In today’s world, when there is a constant fight against organized crime and terrorism, when we have cases of mass accidents (plane crashes, train crashes, buses, etc.), the constant need for precise and quick identification of persons is evident in these cases. When we have situations with a large number of dead in various conditions, as well as complete or only parts of the body being on the spot, there is a need to use scientific and forensic methods in order to find out the reliable identity of these people. Furthermore, there is a need, in some cases, to identify persons who committed suicide, were killed, or died a natural death (accidental death) and who do not have documents according to which their identity can be determined. The aim of this paper will, however, be to identify a group of persons who need to be identified, known as unidentified corpses. Method. Describe and discuss the way of determining identity based on dactyloscopic data, which provides accurate and unambiguous identification, using fingerprints. Results. The identity was determined in 1271 cases of unidentified corpses by dactyloscopic comparison of fingerprints with a database containing fingerprints of about 8,000,000 indisputably identified persons. It was confirmed in 1139 cases. Conclusion. The high degree of identification in our research, as much as 89.6%, makes this method rightly represented as a standard method for confirming a person’s identity.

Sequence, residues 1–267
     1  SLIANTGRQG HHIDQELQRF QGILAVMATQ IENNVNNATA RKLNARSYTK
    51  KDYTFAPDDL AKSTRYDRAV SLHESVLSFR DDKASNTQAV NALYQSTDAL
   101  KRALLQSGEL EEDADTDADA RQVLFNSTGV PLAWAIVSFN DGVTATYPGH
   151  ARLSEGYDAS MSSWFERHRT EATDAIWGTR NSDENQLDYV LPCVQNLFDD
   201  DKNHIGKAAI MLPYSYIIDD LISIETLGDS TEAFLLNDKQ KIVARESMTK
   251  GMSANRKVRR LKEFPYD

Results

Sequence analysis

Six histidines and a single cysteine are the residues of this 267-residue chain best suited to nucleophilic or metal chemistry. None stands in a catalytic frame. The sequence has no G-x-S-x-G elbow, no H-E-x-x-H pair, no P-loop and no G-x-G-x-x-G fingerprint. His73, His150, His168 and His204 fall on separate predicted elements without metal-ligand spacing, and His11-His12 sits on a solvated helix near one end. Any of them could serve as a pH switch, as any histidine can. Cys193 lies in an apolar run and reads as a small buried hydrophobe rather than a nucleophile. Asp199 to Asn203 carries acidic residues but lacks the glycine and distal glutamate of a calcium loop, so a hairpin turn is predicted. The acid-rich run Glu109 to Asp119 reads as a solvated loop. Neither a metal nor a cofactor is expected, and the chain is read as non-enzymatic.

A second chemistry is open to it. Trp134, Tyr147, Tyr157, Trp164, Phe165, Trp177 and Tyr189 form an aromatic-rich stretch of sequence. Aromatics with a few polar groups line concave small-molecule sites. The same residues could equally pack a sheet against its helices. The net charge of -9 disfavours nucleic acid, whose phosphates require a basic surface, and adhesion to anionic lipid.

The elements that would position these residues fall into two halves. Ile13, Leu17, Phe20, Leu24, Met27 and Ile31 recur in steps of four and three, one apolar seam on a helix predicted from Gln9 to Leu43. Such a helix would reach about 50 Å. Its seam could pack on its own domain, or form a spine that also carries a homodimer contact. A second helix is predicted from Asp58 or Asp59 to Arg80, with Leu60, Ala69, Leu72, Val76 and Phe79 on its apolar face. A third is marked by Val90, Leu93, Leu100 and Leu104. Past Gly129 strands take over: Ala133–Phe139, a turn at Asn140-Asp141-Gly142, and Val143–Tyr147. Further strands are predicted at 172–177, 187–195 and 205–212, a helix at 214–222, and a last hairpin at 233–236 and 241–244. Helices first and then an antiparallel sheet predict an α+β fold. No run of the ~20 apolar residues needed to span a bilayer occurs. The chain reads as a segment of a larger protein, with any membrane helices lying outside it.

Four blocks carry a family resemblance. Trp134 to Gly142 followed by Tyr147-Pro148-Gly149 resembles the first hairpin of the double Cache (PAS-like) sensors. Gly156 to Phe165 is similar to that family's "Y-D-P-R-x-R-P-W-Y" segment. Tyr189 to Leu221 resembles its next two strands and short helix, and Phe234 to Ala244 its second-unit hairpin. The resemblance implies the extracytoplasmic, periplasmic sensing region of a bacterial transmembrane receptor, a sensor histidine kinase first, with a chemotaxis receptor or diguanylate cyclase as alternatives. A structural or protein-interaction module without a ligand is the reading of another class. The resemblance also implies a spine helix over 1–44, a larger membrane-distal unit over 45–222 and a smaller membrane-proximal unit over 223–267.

20 March 2024

Development and Validation of a Novel 29-plex STR Multiplex System for Legal and Forensic Science